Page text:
The recessed portion 48 may be configured to accommodate and support the layout of components of various sizes. In one aspect, the recessed portion 48 may comprise any depth (or alternatively, any buildups may comprise any height) or varying depths (or alternatively varying buildup heights), depending upon the complex structure to be formed. For example, the recess 48 may not be required to be as deep to accommodate and support those components used to make up a simple guidewire structure having no on-board systems, as opposed to the depth that may be needed to accommodate and support a complex structure having one or more on-board components, such as a mechanical actuator or other system or device.
The support plate 40 may comprise any metal or non-metal material capable of supporting the various complex structure components in place during the manufacturing process. And, as indicated above, the support plate 40 may be configured to comprise any size and geometric configuration.
In forming the complex guidewire structure, a first series or set of individual flexible interconnects 70 are laid out in a common plane within the recess 48. In other words, the flexible interconnects 70 are configured to be usable within a two-dimensional layout. Each flexible interconnect 70 is further configured to provide the foundation for receiving all other components, which are also configured to be usable within a two-dimensional layout. The flexible interconnects 70 function to operably interconnect one or more rigid members or stations of the complex guidewire structure. The interconnection between the rigid members or stations may provide multiple functions. For example, the interconnects may be configured to provide mechanical support, or they may be configured to comprise an electrical interconnection element, depending upon the makeup or configuration of the material used, or both of these. In any event, the interconnects 70 between the rigid members are intended to be flexible in order to facilitate the various movements and functions of the segments and stations during use of the guidewire structure. For example, it may be desired to configure the complex guidewire structure so that the rigid members or stations are able to twist, bend, extend, compress, or otherwise move with respect to one another. By being flexible, the interconnects 70 are able to likewise move with the rigid members without sacrificing functionality. This is particularly advantageous when the flexible interconnects 70 operate to carry electrical current or signals. Thus, the present invention contemplates a variety of interconnect combinations being possible.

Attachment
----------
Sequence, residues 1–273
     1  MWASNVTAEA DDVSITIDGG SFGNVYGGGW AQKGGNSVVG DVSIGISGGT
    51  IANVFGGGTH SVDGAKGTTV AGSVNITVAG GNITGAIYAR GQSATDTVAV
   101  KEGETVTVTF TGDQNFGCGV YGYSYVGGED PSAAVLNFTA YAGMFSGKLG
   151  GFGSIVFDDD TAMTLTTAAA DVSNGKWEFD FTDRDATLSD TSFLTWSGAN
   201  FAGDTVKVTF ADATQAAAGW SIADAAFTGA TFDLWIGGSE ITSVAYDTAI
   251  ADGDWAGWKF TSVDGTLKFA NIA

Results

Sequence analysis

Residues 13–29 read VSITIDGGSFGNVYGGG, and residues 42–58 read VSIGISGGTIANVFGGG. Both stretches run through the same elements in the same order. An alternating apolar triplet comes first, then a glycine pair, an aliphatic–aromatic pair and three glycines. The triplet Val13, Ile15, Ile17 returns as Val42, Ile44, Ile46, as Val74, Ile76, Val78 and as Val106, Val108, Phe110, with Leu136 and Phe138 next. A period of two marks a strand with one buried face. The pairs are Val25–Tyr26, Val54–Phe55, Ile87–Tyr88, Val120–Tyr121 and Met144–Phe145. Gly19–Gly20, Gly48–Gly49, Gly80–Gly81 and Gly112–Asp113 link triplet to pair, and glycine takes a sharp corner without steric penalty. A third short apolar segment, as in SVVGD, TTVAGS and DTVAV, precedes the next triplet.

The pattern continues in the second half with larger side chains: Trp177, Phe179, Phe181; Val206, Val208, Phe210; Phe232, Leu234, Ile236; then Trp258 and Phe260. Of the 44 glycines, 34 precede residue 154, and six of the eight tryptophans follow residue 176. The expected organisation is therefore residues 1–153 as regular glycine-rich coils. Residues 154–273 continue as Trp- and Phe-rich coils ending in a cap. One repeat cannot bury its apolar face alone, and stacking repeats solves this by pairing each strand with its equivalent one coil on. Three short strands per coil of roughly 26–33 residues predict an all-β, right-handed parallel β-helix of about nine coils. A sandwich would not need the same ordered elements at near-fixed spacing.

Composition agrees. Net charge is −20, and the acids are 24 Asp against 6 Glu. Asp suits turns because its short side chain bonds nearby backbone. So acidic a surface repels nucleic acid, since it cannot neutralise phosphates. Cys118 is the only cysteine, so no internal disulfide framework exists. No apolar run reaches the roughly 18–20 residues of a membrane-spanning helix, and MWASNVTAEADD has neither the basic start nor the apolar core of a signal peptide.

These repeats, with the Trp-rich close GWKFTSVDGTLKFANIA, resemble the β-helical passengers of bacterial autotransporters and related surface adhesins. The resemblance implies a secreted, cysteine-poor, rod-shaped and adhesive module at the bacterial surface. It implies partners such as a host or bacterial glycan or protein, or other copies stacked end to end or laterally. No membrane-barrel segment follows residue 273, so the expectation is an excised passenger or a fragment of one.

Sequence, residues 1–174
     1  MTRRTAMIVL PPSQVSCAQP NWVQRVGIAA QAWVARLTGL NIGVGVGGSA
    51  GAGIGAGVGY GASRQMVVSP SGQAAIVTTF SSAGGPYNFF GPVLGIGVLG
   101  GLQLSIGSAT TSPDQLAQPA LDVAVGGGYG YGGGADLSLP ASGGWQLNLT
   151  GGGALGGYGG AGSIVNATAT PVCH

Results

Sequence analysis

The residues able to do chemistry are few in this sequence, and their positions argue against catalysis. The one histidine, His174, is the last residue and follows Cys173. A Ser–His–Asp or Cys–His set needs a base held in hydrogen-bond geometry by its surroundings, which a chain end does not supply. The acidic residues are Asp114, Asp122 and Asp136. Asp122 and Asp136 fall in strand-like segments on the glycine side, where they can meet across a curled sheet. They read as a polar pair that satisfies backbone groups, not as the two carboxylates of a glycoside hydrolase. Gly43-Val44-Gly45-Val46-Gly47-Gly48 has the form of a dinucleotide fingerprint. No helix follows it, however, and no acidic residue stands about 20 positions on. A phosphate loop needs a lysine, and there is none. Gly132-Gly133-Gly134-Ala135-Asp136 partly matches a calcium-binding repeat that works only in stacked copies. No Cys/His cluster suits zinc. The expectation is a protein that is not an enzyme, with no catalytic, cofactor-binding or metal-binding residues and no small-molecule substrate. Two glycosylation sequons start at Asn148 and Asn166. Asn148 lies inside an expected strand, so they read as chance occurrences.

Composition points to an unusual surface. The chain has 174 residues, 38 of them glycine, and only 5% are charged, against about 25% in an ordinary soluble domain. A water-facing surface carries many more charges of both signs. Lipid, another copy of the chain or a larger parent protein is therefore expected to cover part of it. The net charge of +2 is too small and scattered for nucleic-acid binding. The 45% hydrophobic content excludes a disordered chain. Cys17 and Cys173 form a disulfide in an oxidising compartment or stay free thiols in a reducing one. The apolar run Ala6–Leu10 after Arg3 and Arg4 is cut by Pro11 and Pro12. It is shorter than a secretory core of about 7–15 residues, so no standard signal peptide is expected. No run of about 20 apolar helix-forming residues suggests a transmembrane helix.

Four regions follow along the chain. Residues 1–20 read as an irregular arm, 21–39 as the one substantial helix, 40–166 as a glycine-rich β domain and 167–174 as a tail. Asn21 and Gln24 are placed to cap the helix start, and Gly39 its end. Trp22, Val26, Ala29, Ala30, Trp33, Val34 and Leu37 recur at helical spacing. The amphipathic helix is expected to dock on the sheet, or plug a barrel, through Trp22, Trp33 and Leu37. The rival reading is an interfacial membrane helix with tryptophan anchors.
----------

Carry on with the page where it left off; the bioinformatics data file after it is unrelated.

Each of the flexible interconnects 70 comprise a pre-determined two-dimensional size and shape depending upon the particular complex structure to be formed. As such, the pattern 52 formed in the support plate 40 comprises a corresponding size and shape to accommodate or receive the flexible interconnects 70, in two-dimensional form. In other words, the flexible interconnects 70 each comprise a two-dimensional size and shape that allows them to be properly supported within the pattern 52 of the support plate 40 during manufacturing. In keeping with the exemplary embodiment, each of the flexible interconnects 70 comprise a two-dimensional form with a first surface 74, a second surface (not shown), a slot or slotted portion 82, which purpose or function will be discussed in detail below, and a perimeter 86. In addition, the flexible interconnects 70 each comprise a rectangular shape with rounded ends, as this shape will allow them to take on the desired configuration in the three-dimensional complex structure when formed.